When the label promises something that's too good to be true — "Buy me! You'll live forever" — you know it's too good to be true. The FDA doesn't permit supplement marketers to claim that their products cure or prevent disease (that would make them medicines that require premarket testing). But the agency does allow claims that affect function, such as "maintains your cholesterol" (the no-no medical claim would be "lowers your cholesterol").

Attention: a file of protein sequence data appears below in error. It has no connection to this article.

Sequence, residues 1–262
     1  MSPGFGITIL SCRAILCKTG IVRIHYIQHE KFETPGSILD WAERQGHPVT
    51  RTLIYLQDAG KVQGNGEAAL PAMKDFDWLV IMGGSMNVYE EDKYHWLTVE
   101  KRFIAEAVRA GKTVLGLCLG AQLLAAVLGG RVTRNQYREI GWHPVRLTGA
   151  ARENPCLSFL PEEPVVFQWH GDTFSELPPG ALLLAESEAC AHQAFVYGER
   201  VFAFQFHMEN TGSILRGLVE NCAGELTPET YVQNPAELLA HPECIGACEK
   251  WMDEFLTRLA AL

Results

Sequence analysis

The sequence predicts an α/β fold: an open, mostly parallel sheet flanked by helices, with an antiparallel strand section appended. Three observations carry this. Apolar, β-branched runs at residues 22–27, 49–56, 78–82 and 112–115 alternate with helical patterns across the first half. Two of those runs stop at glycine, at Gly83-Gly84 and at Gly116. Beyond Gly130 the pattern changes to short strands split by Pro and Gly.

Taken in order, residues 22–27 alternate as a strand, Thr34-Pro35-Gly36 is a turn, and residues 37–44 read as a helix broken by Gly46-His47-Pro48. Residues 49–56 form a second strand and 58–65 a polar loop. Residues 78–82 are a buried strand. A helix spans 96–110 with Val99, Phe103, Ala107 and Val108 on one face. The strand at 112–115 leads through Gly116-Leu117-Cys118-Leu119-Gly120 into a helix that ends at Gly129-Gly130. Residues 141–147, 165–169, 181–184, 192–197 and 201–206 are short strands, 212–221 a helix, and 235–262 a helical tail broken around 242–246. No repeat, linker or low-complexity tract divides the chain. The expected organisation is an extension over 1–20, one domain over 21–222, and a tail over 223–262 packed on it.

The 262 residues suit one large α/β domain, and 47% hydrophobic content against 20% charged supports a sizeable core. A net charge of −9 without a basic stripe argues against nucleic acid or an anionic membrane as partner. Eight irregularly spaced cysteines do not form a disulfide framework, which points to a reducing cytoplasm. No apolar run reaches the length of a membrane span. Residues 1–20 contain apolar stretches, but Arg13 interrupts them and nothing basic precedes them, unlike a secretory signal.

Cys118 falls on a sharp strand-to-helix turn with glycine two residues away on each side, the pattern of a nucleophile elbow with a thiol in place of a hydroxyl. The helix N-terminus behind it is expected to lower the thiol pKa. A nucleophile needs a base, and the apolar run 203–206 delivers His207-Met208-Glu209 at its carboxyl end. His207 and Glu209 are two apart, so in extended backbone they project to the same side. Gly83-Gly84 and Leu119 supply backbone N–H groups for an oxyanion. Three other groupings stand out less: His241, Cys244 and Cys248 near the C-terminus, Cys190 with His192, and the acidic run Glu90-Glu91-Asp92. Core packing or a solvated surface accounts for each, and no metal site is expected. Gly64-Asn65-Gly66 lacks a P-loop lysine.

Another potential hype zone is the one labeled "natural," as in "natural vitamins are better." If you took Chem 101 in college, you know that the ascorbic acid (vitamin C) in oranges has exactly the same chemical composition as the ascorbic acid some nutritional chemist cooks up in her lab. But the ascorbic acid in a "natural" vitamin pill may come without additives such as coloring agents or fillers used in "regular" vitamin pills. In other words, if you aren't sensitive to the coloring agents or fillers in plain old pills, don't spend the extra dollars for "natural." If you are sensitive, do. What could be simpler? (For more on "natural" versus "synthetic" food ingredients, see Chapter 22.)
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